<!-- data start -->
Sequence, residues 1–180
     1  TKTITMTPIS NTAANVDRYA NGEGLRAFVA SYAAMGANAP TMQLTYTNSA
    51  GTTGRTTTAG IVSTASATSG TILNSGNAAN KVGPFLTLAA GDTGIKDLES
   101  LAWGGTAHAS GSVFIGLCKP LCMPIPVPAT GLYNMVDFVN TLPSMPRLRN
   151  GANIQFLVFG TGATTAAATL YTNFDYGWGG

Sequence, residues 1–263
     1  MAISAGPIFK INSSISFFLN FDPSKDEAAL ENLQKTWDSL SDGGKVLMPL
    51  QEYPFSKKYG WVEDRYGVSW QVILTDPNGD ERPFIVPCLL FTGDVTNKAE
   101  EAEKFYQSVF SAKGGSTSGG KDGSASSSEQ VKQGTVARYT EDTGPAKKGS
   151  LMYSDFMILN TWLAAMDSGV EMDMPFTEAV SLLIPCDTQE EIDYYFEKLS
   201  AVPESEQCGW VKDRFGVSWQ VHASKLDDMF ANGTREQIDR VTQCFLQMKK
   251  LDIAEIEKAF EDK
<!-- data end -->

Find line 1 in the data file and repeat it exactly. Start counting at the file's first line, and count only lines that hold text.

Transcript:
Sequence, residues 1–180